June 20, 2024


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Timeless New York tribute as all-star line-up gathers in celebration of John Abercrombie: Video

ECM Records chose experimental arts venue Roulette, in Brooklyn, to host a musical tribute to the memory of John Abercrombie, the great guitarist having died in August 2017.

The label had gathered together an astounding collection of guest artists (collaborators and friends) to reinterpret his music under the banner Timeless: A Tribute To His Life And Music. Ralph Towner was beset by an acute ear infection in Rome, but everyone else was confirmed, and already in the house. Nate Chinen of NPR (National Public Radio) acted as MC, weaving in reminiscences and direct quotes from the guitarist’s admirers, introducing a continuing two-hour-and-more sequence of small group combinations. Unsurprisingly, Roulette was at full capacity, with a queue stretching right along Atlantic Avenue.


The first few numbers were very mellow and introverted, with Bill Frisell leading the way, partnered by Mark Feldman (violin), Thomas Morgan (bass) and Joey Baron (drums), for a set of delicate and expressionist moods. Nels Cline was up next, in more reined-in mode, with Peter Erskine (drums) and Marc Copland(piano) joining him, the latter doubling as the evening’s musical director. The night was building up a softly loungey quality, until John Scofield and Baron returned, to play ‘Even Steven’, from 1984’s Solar, which Abercrombie called ‘the bebop album’. He was often dedicated to tranquil exploration, but also had his turbulent, grooving side. Scofield used the blues as a base, but edged them with cowboy frills, Baron broke out his power-hits. He had a big sound, even on the brushes, making tight exchanges with Scofield, the latter sticking around as saxophonist Joe Lovano, bassist Drew Gress and drummer Adam Nussbaum entered. They played ‘Easy Reader’ and ‘Within A Song’, the combination of Lovano, Scofield and Nussbaum facilitating a bombastic release. Hornmen Dave Liebman and Randy Brecker cooled down the proceedings, and then the show’s final run also returned to a calm state as Frisell came back to deliver a pair of tunes from 1975’s Timeless album, ‘Ralph’s Piano Waltz’ and its title number, two of Abercrombie’s best-known pieces.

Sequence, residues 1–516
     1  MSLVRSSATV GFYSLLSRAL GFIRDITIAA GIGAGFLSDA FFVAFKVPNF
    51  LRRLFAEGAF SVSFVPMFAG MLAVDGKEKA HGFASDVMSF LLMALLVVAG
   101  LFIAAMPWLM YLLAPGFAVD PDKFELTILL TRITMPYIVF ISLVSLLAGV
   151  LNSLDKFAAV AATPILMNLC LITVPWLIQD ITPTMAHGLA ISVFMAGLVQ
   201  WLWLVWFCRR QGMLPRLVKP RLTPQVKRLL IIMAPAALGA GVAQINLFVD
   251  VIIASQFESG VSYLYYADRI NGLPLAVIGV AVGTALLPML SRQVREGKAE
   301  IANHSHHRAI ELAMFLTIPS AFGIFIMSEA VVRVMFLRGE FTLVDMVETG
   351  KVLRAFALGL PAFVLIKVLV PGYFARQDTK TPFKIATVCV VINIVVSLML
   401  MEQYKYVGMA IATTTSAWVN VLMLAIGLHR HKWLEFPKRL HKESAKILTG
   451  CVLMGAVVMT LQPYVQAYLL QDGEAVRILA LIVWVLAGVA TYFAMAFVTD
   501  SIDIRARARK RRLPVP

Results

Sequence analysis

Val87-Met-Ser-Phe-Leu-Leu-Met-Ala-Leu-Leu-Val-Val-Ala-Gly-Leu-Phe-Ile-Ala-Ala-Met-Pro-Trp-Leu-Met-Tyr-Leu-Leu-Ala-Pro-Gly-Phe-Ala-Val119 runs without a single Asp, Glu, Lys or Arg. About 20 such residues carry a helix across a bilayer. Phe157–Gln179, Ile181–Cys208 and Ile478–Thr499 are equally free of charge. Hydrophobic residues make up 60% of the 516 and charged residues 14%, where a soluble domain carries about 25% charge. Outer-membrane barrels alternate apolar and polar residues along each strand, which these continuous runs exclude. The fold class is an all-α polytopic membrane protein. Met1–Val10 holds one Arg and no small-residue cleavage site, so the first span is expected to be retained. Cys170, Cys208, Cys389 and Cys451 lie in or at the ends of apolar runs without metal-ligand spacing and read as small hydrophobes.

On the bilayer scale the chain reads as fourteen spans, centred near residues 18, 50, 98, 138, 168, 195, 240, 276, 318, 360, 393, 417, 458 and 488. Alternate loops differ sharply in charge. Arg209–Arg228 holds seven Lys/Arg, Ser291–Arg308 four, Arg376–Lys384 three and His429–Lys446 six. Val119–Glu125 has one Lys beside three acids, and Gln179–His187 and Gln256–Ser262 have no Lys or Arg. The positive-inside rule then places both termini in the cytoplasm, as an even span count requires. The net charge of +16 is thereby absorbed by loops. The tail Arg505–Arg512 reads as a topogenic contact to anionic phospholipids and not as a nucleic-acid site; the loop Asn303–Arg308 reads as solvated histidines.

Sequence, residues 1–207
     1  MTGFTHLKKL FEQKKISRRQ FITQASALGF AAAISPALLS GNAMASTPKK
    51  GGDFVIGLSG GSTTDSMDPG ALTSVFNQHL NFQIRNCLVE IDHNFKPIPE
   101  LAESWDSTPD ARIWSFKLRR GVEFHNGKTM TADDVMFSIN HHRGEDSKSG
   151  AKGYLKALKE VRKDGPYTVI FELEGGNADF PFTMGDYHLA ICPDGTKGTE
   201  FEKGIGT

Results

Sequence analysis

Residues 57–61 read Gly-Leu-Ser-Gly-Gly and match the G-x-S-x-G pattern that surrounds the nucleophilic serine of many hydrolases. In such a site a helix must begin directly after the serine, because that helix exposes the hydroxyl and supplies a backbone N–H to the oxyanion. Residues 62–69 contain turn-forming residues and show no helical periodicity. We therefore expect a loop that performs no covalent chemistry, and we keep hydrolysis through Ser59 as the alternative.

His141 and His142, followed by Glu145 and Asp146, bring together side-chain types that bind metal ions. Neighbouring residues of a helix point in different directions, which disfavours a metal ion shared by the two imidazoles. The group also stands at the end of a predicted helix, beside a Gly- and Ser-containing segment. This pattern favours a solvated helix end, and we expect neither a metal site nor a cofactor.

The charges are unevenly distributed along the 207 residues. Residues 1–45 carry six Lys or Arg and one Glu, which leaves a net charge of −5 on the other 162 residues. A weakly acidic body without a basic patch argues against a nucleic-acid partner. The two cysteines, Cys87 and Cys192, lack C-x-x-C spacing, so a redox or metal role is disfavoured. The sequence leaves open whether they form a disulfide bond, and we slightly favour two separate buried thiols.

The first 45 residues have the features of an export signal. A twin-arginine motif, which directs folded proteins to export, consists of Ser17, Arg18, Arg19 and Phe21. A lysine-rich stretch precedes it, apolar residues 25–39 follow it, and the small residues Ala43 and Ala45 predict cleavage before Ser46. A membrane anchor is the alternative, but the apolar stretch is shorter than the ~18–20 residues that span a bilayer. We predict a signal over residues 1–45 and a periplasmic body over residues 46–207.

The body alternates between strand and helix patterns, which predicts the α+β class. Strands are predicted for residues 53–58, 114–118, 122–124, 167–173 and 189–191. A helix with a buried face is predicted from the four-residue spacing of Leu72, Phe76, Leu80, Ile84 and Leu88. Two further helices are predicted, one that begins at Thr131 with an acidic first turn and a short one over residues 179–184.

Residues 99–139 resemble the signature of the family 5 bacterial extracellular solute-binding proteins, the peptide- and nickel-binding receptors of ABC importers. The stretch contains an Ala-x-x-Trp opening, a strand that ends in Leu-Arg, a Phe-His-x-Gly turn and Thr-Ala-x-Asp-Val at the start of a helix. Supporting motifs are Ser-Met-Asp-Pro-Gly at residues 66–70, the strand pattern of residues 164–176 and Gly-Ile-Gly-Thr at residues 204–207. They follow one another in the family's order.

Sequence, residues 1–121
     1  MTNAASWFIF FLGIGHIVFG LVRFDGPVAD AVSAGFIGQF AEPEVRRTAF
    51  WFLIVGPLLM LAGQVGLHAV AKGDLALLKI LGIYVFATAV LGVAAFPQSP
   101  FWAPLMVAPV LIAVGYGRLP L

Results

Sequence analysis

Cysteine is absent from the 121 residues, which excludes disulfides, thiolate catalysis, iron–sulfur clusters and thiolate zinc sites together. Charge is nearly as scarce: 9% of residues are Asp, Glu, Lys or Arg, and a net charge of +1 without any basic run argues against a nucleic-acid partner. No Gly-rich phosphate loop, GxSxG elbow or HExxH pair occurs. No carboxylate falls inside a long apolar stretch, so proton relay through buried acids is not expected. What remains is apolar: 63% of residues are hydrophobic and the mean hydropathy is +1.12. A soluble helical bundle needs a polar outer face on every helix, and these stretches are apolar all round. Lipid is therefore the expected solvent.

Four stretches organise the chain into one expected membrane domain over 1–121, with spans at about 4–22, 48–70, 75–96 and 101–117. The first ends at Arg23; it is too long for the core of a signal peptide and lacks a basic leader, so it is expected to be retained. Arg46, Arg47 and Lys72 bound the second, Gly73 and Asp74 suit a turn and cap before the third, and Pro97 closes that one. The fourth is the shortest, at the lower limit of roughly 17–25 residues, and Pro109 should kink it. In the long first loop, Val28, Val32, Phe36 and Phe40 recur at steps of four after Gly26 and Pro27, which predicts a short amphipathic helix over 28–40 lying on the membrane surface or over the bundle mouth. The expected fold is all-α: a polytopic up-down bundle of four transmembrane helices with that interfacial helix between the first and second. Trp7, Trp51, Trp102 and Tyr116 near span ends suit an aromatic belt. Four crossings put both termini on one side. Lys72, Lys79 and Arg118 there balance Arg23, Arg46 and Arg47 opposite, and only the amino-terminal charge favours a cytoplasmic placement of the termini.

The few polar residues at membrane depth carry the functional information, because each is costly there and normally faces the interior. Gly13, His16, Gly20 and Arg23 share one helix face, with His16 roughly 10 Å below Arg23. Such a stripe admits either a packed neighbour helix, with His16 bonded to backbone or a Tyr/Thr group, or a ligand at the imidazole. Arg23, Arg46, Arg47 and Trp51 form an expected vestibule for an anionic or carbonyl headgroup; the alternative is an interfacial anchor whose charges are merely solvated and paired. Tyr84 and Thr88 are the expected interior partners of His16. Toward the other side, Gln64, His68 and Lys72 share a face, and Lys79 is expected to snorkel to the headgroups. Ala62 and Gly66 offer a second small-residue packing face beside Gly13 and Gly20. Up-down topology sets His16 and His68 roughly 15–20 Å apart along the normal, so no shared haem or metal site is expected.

Jack DeJohnette was an august presence, but his drumming was restrained and subtle, following the fiery flashes of Baron and Nussbaum. Also in the house were Evan ParkerTim Berne (not playing) and ECM founder Manfred Eicher. Besides Abercrombie’s undoubted significance as a jazz guitarist, time and again, his old friends alluded to his charming, yet slightly spiky, sense of humour, his generosity, and his self-deprecating wisdom. This was a man who was warmly loved by all of his peers, disciples and students. All proceeds from the concert went to a new scholarship in Abercrombie’s name, and contributions are still being gratefully received.


– Martin Longley; http://jazzwisemagazine.com
– Photos by Scott Friedlander

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